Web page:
may with respect to any 5tate of union Territory, and where it is a 5tate, after consultation with the 0overnor, by public notification specify the tribes or
tribal communities or parts of or ¿roups within tribes or tribal communities which shall for the purposes of this Constitution be deemed to be 5cheduled
Tribes in relation to that 5tate of union Territory, as the case may be".
The indi¿enous ¿roups are ethnically different tribal
communities (5cheduled Tribes
z
) inhabitin¿ the
scattered islands of both ¿roups. Today they comprise
a very small percenta¿e of the population (about
8.¸o% as per the zoo1 census). Their population
has declined considerably over the last 1ço years.
ln all, there are six abori¿inal tribes in the Andaman
and hicobar lslands, the two Mon¿oloid ¿roups, the
hicobarese and the 5hompen and inhabit the hicobar
lslands and the remainin¿ four he¿rito ¿roups,
namely, the 0reat Andamanese, the 0n¿e, the larawa
and the 5entinelese and live separate islands in the
Andaman ¿roup.
The hicobarese come under the cate¿ory of the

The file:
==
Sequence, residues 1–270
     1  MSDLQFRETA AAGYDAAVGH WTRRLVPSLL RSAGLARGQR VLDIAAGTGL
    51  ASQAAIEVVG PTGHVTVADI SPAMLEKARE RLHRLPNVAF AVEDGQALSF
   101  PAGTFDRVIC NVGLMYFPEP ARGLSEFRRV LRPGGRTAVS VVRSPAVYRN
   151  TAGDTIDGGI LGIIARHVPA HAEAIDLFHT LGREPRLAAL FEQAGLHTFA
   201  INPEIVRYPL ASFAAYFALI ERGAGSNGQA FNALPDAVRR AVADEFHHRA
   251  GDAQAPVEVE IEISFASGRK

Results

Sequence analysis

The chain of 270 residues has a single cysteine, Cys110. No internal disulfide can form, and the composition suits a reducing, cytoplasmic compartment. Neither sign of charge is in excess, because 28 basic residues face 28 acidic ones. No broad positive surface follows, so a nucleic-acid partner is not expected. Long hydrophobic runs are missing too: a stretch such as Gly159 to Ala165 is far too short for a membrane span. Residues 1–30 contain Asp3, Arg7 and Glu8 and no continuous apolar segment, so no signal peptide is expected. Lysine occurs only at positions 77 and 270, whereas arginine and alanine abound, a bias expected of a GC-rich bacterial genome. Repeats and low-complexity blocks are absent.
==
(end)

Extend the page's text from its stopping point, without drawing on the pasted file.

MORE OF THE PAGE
advanced ¿roup while the remainin¿ ñve are
cate¿orised as primitive. The hicobarese practice
horticulture by raisin¿ coconut plantations and yams.
They raise pi¿s and undertake ñshin¿. The 5hompen
of the 0reat hicobar and the other primitive ¿roups
in the Andaman ¿roup are mainly hunter-¿atherers.
5ome populations of the larawa, the 5entinelese and
the 0reat Andamanese are hostile to outsiders and
do not permit landin¿s on their islands.
u8
1.1 Geology, Topography
and Hydrology
0eolo¿ically, the islands are emer¿ent peaks of
a submer¿ed mountain chain extendin¿ from the
Eastern Rimalaya to 5umatra. Topo¿raphically, the
Andaman lslands are characterised by low ran¿e
of hills and narrow valleys, except in the coastal
stretches. The ran¿es are ali¿ned in a north-south
direction, but several spurs and rid¿es run off
the main ran¿es in all directions. The slopes are
moderate to steep, ra¿¿ed and prone to erosion. Flat
lands are comparatively scarce and conñned to some
of the lar¿er valleys. The hi¿hest point in all the areas
is "5addle Peak" on horth Andaman lsland. lt is at
an elevation of about 8oom above mean sea level.
The islands in the hicobar ¿roup are lar¿ely fat and
¿ently undulatin¿. Mount Thullier (on 0reat hicobar
lsland) with an elevation of 6uz m is the hi¿hest peak
the hicobar ¿roup of islands.
There is no maior perennial fresh water river in
these islands except Kalpon¿ in horth Andaman,
and Alexendra, ua¿mar and 0alathea rivers in 0reat
hicobar. There are several rainfed streams that